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Consciousness? No hard problem!

Graziano’s evolution of consciousness theory

From scientist and novelist Michael Grazziano at the Atlantic:

It’s just the brain describing itself—to itself.

but … Wait …

Let me be as clear as possible: Consciousness doesn’t happen. It’s a mistaken construct.

Well, that one’s been tried before. As here, it involves speculations about human evolution based on one or two slender skeins of evidence.

The human brain insists it has consciousness, with all the phenomenological mystery, because it constructs information to that effect. The brain is captive to the information it contains. It knows nothing else. This is why a delusional person can say with such confidence, “I’m a kangaroo rat. I know it’s true because, well, it’s true.” The consciousness we describe is non-physical, confusing, irreducible, and unexplainable, because that packet of information in the brain is incoherent. It’s a quick sketch.

So, if believing I am conscious can make me so, why doesn’t believing  make it true for anything else? Why didn’t it work for the kangaroo rat?

Let me be as clear as possible: Consciousness doesn’t happen. It’s a mistaken construct. … The study of consciousness needs to be lifted out of the mysticism that has dominated it. Consciousness is not just a matter of philosophy, opinion, or religion. It’s a matter of hard science. … More.

If so,this is hardly the way to go about it.

A friend notes that he seems to be undercutting science while appealing to it. THoughts?

See also: Neuroscience tried wholly embracing naturalism, but then the brain got away


Would we give up naturalism to solve the hard problem of consciousness?

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Hi News, Philosopher Ed Feser puts his finger on the problem with the kind of approach Graziano is proposing in a 2012 post:
[Philosopher Thomas] Nagel’s point was that the very nature of the practice of giving a reductionist account of a phenomenon seems to preclude its application to the realm of conscious experience. For a reductionist account is couched in entirely “objective” terms, that is, terms that make no essential reference to the point of view of a particular observer. For instance, the way red looks or the way heat feels, since those are tied to the points of view of particular observers, are stripped away and relegated to the “subjective” realm of conscious experience. A reductionist account of color might define it instead in terms of the surface reflectance properties of objects, and a reductionist account of temperature might define it in terms of molecular motion -- features which are “objective” in the relevant sense. But when it comes to explaining the “subjective” point of view of the observer himself, and in particular the conscious look of red or conscious feel of heat themselves, it is hard to see how the same procedure could possibly be applied. For to strip away the subjective element in this case would just be to ignore that which is to be explained, and thus not explain it at all. As Nagel puts it: “If the subjective character of experience is fully comprehensible only from one point of view, then any shift to greater objectivity—that is, less attachment to a specific viewpoint—does not take us nearer to the real nature of the phenomenon: it takes us farther away from it.”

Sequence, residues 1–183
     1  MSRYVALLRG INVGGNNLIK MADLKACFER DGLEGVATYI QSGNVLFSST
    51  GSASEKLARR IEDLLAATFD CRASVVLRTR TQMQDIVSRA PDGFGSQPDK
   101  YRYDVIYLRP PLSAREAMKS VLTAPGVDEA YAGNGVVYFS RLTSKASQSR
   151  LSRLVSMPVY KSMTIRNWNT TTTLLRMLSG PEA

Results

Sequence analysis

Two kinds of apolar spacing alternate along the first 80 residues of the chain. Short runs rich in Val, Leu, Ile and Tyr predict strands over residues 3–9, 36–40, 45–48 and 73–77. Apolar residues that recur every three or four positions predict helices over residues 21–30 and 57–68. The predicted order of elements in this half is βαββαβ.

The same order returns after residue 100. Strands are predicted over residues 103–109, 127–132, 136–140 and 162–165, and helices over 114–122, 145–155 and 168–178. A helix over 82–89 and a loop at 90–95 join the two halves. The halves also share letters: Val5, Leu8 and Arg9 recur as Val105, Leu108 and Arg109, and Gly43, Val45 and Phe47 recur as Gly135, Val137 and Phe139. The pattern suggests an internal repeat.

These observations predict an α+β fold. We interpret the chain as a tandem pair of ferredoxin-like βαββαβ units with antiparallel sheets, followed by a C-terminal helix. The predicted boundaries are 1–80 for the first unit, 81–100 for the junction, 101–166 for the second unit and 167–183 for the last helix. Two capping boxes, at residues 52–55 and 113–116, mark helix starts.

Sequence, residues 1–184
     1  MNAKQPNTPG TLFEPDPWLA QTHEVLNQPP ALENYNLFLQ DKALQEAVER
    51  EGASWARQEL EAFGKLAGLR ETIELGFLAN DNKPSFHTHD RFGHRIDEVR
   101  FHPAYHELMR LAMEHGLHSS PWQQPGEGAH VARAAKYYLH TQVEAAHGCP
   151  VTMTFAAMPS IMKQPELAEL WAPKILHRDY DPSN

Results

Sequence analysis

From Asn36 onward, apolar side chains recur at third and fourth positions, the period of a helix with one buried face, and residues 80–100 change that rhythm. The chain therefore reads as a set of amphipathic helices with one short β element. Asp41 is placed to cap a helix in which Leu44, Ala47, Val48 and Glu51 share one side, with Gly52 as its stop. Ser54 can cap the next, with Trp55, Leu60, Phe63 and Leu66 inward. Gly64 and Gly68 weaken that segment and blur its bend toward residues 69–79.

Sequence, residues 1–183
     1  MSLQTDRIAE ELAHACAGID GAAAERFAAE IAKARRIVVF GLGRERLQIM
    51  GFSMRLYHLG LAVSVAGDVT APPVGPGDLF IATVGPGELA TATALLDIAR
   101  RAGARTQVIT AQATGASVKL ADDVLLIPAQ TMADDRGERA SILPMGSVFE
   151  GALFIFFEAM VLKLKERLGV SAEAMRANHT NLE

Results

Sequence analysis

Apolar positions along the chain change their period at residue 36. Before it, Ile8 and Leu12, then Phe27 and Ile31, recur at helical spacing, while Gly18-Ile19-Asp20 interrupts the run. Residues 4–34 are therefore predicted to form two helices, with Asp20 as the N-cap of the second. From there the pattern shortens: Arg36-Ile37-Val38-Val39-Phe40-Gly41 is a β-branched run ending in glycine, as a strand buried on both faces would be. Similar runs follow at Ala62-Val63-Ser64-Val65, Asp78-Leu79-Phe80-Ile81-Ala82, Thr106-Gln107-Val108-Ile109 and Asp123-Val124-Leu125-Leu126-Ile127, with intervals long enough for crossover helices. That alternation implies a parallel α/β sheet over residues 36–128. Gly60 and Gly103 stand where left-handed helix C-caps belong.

Or as philosopher Richard Swinburne writes in The Evolution of the Soul:
All ‘reduction’ of one science to another dealing with apparently very disparate properties has been achieved by this device of denying that the apparent properties (i.e. the ‘secondary qualities’ of colour, heat, sound, taste, etc.) with which one science dealt belonged to the physical world at all. It siphoned them off to the world of the mental. But then, when you come to face the problem of the sensations themselves, you cannot do this. If you are to explain the sensations themselves, you cannot distinguish between them and their underlying causes and only explain the latter.
I'm surprised that Graziano does not perceive this. vjtorley
"Let me be as clear as possible: Consciousness doesn’t happen. " At least he proves that there are Chalmer's zombies -- the previously only hypothesized beings that behave and act exactly like humans, but there is no one home. Or maybe he is just faking the faking. nightlight
The hard problem about this Michael Graziano is: is this guy simply stupid? It seems he is not. The Wikipedia page about him depicts him as a very intelligent operator: a professor of Psychology and Neuroscience at Princeton University, a novelist. So, the hard problem about Michael Graziano becomes: how can an apparently intelligent and brilliant person say such stupid things? I suppose that a possible answer is that his intelligence is a mistaken construct. Whatever that means. gpuccio

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